The Phoenix Comic launched in 2012 is produced by a small family run business. Released every Friday, it is packed with brilliant non-gender stories by some of the best story writers and illustrative creators in the UK. This for me is the reason why it's going from strength to strength. It's definitely not a market that we dominate in the UK and is a much needed outlet.


It recently celebrated its 200th issue and became the first independent comic in the UK to reach this position for over 40 years. This is an amazing achievement and one that we will, hopefully, continue to enjoy for many more years to come. What is even more fantastic is that each issue is jam packed full of stories, puzzles and perhaps a competition or two, but absolutely no advertisements, which is very rare to find indeed. 


Tamsin and the Deep was featured in the Phoenix on a weekly basis back in 2014. Now we can explore this wonderful adventure in one volume, which is due to be published by David Fickling Books on February 4th.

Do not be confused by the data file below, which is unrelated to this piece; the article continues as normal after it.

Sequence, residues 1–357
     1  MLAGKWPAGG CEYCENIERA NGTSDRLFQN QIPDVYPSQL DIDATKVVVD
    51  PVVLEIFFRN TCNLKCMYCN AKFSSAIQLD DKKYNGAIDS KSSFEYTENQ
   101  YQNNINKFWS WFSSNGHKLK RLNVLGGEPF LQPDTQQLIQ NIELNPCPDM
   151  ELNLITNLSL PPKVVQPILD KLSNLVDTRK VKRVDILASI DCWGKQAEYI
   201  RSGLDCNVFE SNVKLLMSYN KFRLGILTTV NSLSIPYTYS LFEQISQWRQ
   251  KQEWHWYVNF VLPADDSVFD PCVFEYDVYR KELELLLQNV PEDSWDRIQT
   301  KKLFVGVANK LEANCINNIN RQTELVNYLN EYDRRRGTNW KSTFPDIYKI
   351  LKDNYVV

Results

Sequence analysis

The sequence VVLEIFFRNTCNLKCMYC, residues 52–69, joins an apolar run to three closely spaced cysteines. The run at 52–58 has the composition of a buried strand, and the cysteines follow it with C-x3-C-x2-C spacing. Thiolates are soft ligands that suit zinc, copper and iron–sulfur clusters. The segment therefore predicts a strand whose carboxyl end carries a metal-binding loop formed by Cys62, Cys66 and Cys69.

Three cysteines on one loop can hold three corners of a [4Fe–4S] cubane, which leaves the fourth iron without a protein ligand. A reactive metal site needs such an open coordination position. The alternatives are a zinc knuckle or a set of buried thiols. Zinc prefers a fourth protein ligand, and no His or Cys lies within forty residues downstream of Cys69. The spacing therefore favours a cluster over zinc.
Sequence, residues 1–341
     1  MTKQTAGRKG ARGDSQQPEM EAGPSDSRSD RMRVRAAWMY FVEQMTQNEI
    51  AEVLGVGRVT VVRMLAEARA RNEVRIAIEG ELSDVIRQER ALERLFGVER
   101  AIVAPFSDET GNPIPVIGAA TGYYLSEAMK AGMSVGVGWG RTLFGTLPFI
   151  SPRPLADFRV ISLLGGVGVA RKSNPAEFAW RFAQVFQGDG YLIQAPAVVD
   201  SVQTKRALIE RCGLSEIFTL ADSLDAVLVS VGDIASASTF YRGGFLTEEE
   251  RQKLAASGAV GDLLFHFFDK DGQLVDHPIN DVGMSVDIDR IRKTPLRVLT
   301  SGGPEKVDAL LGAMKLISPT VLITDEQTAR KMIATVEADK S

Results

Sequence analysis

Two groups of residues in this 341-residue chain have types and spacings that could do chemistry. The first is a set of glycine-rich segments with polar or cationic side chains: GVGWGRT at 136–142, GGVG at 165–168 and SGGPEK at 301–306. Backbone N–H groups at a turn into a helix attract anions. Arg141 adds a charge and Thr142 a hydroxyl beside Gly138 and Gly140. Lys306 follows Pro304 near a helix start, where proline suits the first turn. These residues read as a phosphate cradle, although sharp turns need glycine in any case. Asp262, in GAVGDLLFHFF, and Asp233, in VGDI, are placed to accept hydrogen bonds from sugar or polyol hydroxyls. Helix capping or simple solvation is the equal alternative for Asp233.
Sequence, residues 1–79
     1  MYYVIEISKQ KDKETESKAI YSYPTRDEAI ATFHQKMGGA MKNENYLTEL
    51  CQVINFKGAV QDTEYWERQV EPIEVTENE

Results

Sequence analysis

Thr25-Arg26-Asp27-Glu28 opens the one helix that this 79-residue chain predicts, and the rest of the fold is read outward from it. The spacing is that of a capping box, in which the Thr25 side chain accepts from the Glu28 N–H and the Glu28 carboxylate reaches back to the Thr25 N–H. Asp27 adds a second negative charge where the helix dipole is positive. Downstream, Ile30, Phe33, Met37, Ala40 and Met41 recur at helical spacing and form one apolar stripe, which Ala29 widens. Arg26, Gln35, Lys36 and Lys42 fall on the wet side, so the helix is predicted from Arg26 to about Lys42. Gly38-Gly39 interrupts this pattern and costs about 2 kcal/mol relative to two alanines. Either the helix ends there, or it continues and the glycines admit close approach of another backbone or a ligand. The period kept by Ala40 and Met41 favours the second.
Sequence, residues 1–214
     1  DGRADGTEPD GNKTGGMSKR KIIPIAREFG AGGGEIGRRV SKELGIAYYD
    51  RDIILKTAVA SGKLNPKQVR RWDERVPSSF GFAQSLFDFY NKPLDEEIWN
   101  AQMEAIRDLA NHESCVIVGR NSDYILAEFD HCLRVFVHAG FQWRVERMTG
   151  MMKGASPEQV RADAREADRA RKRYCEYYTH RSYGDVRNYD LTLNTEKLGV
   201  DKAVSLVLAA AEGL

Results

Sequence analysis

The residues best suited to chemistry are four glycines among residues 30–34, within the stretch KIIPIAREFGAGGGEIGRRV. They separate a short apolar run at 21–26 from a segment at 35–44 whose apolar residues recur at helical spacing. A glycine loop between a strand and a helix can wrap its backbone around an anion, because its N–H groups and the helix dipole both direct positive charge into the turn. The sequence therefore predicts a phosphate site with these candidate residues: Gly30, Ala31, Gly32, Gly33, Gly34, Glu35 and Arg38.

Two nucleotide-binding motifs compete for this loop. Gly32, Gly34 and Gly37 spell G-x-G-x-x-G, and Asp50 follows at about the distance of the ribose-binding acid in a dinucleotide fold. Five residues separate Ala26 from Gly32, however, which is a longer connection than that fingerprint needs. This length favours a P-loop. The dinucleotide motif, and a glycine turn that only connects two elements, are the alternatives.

As you fling open the cover, you'll find a mesmerising swirl of vibrant colour, so take a deep breath and dive into the bottom of the endless sea. 

When Tamsin washes up on the beach after wiping out her body board, she's surprised to learn that she's been missing for weeks. From the very start you will be asking the following questions: What happened? Why did it happen to her? Where has she been?